Ozakinci G, Whitehead R, Sobota A & Coyne J (2013) Inaccurate abstracts in health psychology: The problem and an easily implementable solution. “Well-being, Quality of Life and Caregiving” : 27th Conference of the European Health Psychology Society, Bordeaux, France. Psychology and Health, 28 (Sup1), pp. 14-14. https://doi.org/10.1080/08870446.2013.810851
Background: Abstracts need to be clearly and accurately written because many readers do not read further when searching literature. We present findings concerning abstracts from three health
psychology journals which frequently publish clinical trials (Health Psychology, Annals of Behavioral Medicine, Psychosomatic Medicine).
Methods: We developed a methodology for rating accuracy and bias (or ‘spin’) of abstracts, particularly in terms of declared primary outcome. We searched databases 2006-present, identifying 444 abstracts and rated them.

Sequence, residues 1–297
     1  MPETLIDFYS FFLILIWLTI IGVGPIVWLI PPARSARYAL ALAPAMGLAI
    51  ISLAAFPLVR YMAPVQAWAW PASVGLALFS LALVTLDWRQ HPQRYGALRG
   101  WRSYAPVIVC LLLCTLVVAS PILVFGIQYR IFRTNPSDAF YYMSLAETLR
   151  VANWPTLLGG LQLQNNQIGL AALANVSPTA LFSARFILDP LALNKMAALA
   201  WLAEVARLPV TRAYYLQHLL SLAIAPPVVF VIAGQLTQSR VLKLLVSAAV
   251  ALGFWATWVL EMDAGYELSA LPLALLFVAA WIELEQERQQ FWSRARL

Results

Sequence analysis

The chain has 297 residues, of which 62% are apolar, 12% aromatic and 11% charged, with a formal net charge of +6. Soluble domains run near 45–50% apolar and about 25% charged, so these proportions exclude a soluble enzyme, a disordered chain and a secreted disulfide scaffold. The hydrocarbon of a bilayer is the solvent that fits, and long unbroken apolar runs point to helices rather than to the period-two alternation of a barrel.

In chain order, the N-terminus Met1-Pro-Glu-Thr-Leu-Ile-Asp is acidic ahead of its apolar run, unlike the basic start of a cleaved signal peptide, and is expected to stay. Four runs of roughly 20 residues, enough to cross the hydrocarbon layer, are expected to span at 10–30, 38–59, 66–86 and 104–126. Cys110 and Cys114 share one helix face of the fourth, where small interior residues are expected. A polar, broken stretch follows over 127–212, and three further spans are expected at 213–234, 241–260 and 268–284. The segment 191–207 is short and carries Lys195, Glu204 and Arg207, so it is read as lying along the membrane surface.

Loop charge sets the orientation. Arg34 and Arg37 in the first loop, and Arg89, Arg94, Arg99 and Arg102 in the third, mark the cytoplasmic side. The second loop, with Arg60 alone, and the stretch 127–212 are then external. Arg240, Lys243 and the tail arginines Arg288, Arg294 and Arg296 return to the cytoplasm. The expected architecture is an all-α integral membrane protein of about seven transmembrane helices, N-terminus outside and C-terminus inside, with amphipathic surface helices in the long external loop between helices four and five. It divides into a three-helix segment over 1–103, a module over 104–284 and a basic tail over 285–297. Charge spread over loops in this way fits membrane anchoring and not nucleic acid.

Findings: Few trials had independently verifiable primary outcomes and this was the case across journals. Most abstracts reported a positive outcome, accomplished by ignoring null or negative primary outcomes or by emphasizing secondary outcomes or post-hoc subgroup analyses.
Discussion: Accuracy in abstracts of clinical trials has implications for the credibility of evidence. Journals need to enforce accurate and transparent abstracts.
Psychology and Health: Volume 28, Issue Sup1
|Publication date online||02/08/2013|
|Conference||“Well-being, Quality of Life and Caregiving” : 27th Conference of the European Health Psychology Society|
|Conference location||Bordeaux, France|